At that moment, Thomas realized with a sickening lurch that he had no idea how old he was. His heart sank at the thought—he was so lost he didn't even know his own age. (2.24)
Maybe he should lay off the peppermint schnapps…
"Chuck, how… old do you think I am?" The boy scanned him up and down. "I'd say you're sixteen. And in case you were wondering, five foot nine… brown hair. Oh, and ugly as fried liver on a stick." […] Sixteen? He was sixteen? He felt much older than that. (3.23)
We all feel older than we are… until you hit about 50. That's when you start to say "Yeah, I'm 65 but I feel like I'm 20 again." Side note: has anyone ever seen fried liver on a stick? We're wondering exactly where Chuck got this analogy from.
Thomas rocked back and forth, wiping away the sweat. And at that moment, in the space of only a few seconds, he learned a lot about himself. About the Thomas that was before. He couldn't leave a friend to die. Even someone as cranky as Alby. (18.8)
Yes, Thomas, crankiness should not be a death sentence. For anyone. You get a gold star… we guess.
Thomas quickly gathered his thoughts, grasping for the right words inside the swirling cloud of frustration, confusion and anger in his mind. "I don't know why Gally hates me. I don't care. He seems psychotic to me. As for who I really am, you all know just as much as I do." (26.18)
It must really stink not knowing who you are. If Thomas knew, he could just write Gally off as one of the haters (haters gonna hate, after all), but because he has no idea he can't even say Gally is wrong. It's really hard to be self-assured when you don't have a great sense of self.
"I know who you are," Alby repeated slowly. "Seen it. Seen everything. Where we came from, who you are. Who the girl is. I remember the Flare."
The Flare? Thomas forced himself to talk. "I don't know what you're talking about. What did you see? I'd love to know who I am." (27.32)
"Because then I could tell you all to lay off me, already. Geez."
Thomas was overwhelmed by a surge of anger. "Fine, so how do we do it? I want to know who I am just as much as anyone else. Obviously. […] Thomas paused, upset and suddenly embarrassed. What did it all mean? Was he different from everyone else somehow? Was something wrong with him? (28.28, 34)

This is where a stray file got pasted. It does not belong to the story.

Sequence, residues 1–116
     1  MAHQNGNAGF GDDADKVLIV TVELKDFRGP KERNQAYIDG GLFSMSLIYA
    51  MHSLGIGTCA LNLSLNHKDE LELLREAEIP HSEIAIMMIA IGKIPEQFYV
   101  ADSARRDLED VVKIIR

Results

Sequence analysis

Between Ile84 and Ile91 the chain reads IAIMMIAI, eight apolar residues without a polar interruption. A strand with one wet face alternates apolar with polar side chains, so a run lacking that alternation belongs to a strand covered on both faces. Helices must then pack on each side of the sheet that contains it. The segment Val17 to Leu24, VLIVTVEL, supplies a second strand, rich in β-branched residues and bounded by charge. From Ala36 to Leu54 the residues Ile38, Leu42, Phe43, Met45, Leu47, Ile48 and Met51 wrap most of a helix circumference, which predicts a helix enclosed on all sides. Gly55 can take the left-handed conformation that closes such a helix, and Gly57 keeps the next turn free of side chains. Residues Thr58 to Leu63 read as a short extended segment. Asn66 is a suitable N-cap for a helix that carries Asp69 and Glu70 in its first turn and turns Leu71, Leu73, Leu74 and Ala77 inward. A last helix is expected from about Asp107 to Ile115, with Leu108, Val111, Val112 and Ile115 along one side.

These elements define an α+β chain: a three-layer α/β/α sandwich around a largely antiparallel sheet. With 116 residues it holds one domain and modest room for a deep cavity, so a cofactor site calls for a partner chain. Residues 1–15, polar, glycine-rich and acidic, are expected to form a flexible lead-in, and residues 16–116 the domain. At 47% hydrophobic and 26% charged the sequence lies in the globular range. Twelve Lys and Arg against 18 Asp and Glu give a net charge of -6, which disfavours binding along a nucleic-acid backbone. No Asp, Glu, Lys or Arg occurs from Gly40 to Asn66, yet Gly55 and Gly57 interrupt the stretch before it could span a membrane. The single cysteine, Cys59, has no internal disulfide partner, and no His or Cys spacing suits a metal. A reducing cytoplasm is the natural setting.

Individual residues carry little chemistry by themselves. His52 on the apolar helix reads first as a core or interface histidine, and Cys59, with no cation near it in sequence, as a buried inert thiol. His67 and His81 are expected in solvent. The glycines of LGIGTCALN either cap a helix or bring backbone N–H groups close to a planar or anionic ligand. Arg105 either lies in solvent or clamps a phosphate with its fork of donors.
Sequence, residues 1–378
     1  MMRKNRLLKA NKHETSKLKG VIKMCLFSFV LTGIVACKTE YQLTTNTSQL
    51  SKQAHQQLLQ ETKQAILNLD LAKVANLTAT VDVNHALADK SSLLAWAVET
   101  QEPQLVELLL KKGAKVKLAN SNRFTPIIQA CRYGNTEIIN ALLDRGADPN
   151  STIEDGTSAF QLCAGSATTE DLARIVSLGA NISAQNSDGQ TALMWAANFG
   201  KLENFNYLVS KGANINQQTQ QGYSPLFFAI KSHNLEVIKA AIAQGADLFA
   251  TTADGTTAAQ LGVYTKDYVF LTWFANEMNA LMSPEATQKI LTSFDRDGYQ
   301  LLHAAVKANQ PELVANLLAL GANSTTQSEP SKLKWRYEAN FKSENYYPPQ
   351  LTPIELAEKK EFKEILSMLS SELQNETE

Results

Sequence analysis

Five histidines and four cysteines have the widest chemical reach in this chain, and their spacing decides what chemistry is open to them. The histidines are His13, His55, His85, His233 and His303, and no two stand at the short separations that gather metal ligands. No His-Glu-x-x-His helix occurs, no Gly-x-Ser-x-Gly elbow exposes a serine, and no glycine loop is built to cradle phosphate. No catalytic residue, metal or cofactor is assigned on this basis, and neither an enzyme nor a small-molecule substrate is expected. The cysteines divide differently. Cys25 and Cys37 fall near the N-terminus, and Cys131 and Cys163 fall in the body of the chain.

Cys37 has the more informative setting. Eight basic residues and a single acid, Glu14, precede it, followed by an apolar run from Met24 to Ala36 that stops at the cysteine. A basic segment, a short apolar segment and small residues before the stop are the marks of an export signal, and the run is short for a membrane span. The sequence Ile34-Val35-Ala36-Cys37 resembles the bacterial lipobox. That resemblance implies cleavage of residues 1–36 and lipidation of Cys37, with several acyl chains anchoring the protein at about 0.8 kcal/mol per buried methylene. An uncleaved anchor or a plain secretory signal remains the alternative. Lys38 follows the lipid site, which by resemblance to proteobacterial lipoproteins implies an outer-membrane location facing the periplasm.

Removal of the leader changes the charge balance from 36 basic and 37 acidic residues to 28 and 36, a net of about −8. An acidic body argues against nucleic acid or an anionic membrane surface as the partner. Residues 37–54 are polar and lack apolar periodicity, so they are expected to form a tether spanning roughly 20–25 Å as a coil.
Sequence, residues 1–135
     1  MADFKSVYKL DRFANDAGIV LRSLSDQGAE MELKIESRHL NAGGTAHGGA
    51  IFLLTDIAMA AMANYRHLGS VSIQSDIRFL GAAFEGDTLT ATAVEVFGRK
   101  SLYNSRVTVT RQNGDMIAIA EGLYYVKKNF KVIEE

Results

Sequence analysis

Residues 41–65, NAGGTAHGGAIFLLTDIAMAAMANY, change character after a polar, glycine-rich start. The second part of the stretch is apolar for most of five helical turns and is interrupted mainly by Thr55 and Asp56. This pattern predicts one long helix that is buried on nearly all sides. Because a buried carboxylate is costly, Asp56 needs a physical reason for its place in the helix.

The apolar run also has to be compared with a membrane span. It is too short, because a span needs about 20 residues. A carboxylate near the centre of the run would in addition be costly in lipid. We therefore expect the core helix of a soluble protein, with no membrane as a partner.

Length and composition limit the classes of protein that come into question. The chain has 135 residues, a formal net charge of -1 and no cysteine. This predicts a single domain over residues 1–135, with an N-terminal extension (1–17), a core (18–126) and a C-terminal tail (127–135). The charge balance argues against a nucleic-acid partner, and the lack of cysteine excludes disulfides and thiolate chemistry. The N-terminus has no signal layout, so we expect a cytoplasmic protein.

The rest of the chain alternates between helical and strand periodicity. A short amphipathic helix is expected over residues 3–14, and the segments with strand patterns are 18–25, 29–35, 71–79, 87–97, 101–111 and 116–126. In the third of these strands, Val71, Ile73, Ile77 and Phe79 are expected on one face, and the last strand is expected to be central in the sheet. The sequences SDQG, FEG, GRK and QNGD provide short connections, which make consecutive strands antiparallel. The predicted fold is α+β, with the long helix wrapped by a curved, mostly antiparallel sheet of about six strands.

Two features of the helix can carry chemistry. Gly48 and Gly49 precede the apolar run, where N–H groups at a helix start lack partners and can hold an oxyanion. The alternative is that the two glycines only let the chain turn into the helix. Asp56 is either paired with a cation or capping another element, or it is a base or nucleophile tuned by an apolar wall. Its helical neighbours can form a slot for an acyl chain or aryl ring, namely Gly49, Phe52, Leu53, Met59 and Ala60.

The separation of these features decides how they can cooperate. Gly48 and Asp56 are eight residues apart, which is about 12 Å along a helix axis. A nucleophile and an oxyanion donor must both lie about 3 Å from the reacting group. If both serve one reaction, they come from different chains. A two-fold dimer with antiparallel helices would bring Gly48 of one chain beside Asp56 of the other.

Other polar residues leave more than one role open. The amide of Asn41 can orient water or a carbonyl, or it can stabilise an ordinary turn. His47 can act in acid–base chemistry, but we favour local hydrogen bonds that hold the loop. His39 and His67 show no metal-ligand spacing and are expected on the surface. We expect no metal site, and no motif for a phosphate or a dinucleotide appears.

What if his fears were true? Haven't we all felt this way at one time or another? Especially during adolescence, it's incredibly common to feel like there's something wrong with us, like we will never truly fit in. It kind of blows our minds to think that if we could all admit to this feeling at the same time, then we'd all be fitting in together.
Who was she? The irony of the question struck him—he didn't even know who he was. (28.69)
Yeah dude, figure out your own issues first before laying into someone else. Don't throw stones in glass houses, or something.
As he ran toward the Glade, he learned a lot about himself. Without meaning to or realizing it, he'd pictured in his mind his exact route through the Maze as he escaped the voice. Not once did he falter on his return, turning left and right and running down long corridors in reverse of the way he had come. […] Soon, Thomas would be the best Runner. The second thing he learned about himself, as if the night in the Maze hadn't proved it already, was that his body was in perfect shape. (29.6)
Well, at least we know Thomas doesn't suffer from a lack of self-esteem. Perfect shape… pfft. But we should all applaud him for the ability to be introspective.
Alby stepped up. "I'm sick of this." He pointed at Thomas's chest, almost tapping it. "I wanna know who you are, who this shank girl is, and how you guys know each other." (36.61)
Alby, we are with you, man.
Alby finally took a deep breath, then looked at each of them in turn. "You guys know I'm all screwed up. Seriously, I'm… sorry. I shouldn't be the stupid leader anymore." […] "Listen to me. I ain't saying we should switch or any of that klunk. I'm just saying… I think I need to let you guys make the decisions. I don't trust myself." (38.24)
When suffering from an identity crisis, it is beneficent to relinquish any leadership roles on the off chance that you might inadvertently cause someone else's death. (Rule #46 from the Dystopian Fantasy Leader rulebook)